May 20, 2009
2 min read

Tapering off hormone therapy associated with decreased menopausal symptom scores

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A decrease in the recurrence of menopausal symptoms after discontinuation of hormone therapy was found among women who tapered off therapy vs. women who abruptly stopped therapy. However, patients who tapered therapy were more likely to later return to hormone therapy, according to recent study results.

“To our knowledge this study is the largest one to date evaluating the patient-reported factors associated with tapering vs. abrupt discontinuation of HT in premenopausal or postmenopausal women and the recurrence of menopausal symptoms,” researchers wrote.

Researchers identified 836 women treated at a Department of Veterans Affairs medical facility during 2001. All women received the combined estrogen and medroxyprogesterone (Provera, Pfizer) HT through the VA pharmacy.

The researchers compared women who tapered off HT (25%) with women who abruptly stopped HT (75%).

Using a multiple linear regression model, researchers found that tapering HT was significantly associated with lower menopausal symptom scores after discontinuing HT (P=.01). However, they also found that tapering was positively associated with restarting hormones later (OR=2.06; 95% CI, 1.20-3.52).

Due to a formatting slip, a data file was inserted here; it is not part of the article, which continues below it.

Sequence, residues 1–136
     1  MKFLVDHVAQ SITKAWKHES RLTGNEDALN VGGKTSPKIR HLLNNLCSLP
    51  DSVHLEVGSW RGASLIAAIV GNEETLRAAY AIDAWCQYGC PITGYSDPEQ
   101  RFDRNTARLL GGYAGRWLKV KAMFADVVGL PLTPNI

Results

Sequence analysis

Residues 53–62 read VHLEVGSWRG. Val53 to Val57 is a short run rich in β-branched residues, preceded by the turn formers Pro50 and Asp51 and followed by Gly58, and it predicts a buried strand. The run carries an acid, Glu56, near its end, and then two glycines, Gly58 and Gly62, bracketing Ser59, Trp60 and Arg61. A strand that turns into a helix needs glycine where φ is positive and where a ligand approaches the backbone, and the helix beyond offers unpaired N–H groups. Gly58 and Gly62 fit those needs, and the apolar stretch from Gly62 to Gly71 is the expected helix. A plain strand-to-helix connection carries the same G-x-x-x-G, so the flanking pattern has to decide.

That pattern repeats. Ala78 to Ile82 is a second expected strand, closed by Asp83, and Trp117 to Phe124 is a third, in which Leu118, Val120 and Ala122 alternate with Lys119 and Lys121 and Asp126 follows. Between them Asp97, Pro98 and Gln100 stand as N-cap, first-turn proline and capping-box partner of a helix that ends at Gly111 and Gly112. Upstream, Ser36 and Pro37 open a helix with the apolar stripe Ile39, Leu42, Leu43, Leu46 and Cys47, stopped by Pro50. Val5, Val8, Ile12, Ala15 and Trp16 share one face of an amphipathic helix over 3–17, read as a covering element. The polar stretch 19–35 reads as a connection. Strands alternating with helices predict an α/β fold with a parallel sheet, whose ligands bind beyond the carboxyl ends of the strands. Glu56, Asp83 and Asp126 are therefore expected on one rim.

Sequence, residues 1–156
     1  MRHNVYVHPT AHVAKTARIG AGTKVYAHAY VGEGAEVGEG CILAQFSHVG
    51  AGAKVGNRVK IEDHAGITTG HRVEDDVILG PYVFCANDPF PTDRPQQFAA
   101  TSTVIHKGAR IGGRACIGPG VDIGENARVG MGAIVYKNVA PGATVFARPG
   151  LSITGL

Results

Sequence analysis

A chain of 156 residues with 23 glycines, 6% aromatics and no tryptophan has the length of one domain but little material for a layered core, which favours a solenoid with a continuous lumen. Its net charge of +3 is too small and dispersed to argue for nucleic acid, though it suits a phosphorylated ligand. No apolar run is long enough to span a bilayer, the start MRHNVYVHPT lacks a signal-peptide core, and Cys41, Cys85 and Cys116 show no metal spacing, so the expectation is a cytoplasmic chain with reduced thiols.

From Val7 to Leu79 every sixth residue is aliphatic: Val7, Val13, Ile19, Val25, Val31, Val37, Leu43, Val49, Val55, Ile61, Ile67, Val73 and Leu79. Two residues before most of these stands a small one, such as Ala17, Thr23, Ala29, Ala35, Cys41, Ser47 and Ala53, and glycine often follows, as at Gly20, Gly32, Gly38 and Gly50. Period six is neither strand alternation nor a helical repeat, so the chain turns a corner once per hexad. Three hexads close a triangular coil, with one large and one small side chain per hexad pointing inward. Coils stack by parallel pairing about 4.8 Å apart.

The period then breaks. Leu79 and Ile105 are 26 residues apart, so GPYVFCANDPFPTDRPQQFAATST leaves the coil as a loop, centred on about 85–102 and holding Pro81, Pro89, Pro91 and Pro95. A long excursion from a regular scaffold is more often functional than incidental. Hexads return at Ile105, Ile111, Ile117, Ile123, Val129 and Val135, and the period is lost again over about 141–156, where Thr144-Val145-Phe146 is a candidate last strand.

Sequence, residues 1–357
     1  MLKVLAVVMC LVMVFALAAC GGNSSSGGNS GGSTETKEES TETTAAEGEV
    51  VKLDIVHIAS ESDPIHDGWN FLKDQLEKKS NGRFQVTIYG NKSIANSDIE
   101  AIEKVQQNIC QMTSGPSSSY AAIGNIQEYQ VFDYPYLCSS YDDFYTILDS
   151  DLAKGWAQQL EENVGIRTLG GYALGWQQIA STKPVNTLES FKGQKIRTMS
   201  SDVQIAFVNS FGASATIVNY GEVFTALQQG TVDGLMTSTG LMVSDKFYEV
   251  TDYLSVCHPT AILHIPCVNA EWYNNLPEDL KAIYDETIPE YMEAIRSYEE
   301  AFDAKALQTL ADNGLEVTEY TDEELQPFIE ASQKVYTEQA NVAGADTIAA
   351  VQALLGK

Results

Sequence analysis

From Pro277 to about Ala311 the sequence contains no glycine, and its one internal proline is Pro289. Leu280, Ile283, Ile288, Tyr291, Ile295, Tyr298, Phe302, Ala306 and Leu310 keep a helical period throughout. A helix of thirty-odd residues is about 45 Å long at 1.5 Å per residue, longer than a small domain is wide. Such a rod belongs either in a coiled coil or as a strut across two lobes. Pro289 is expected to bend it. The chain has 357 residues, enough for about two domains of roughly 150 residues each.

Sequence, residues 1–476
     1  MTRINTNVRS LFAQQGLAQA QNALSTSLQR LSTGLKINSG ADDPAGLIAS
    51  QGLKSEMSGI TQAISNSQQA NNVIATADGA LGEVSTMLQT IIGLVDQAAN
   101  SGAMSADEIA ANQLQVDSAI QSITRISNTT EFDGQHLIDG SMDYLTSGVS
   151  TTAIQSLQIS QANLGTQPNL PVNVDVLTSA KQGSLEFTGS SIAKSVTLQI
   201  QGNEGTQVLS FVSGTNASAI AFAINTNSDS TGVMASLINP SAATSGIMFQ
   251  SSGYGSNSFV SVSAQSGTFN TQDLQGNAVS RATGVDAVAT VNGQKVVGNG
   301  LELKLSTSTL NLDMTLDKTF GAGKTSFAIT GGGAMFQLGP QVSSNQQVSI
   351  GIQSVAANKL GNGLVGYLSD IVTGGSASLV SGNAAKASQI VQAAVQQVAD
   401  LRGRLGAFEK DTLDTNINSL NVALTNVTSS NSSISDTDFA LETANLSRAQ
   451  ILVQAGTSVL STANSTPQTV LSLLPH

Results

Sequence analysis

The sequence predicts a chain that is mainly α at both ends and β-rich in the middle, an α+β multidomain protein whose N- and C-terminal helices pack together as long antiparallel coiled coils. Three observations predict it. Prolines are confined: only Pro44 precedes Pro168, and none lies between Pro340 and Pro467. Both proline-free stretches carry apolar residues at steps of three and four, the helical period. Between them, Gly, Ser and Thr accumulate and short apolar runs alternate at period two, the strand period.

The use of HT differed between the two groups. Women who tapered off HT were more likely to report having used therapy for menopause symptoms (P=.03), and more frequently reported discussions with health care providers about HT (P=.04) and about menopausal symptoms (P=.01). In addition, median years of use of therapy was slightly longer among women who tapered off therapy compared with abrupt discontinuers (P=.01).

“Although tapering may be associated with a lower report of menopausal symptoms after stopping hormones, some women may not tolerate any recurrence of symptoms and subsequently return to hormones,” researchers wrote. “Thus, evaluation of individual patient factors will remain the best guide for directing HT in an otherwise healthy woman.” – by Jennifer Southall

Haskell S. Menopause. 2009;3:494-499.


For many women, vasomotor symptoms improve or resolve spontaneously over time which allows many women to stop HT, although a signficant number — up to 25% — will resume HT due to persistent bothersome hot flashes. There is no proven best way to discontinue HT. Some are proponents of an abrupt, immediate cessation, while others endorse either a slow tapering over 6 months to one year or a slow decrease in the number of days per week that HT is used. The taper continues until mild symptoms redevelop, then that dose is maintained until symptoms resolve prior to taking another step down in the taper.

JoAnn V. Pinkerton, MD

Director, Midlife Health Center and Division, University of Virginia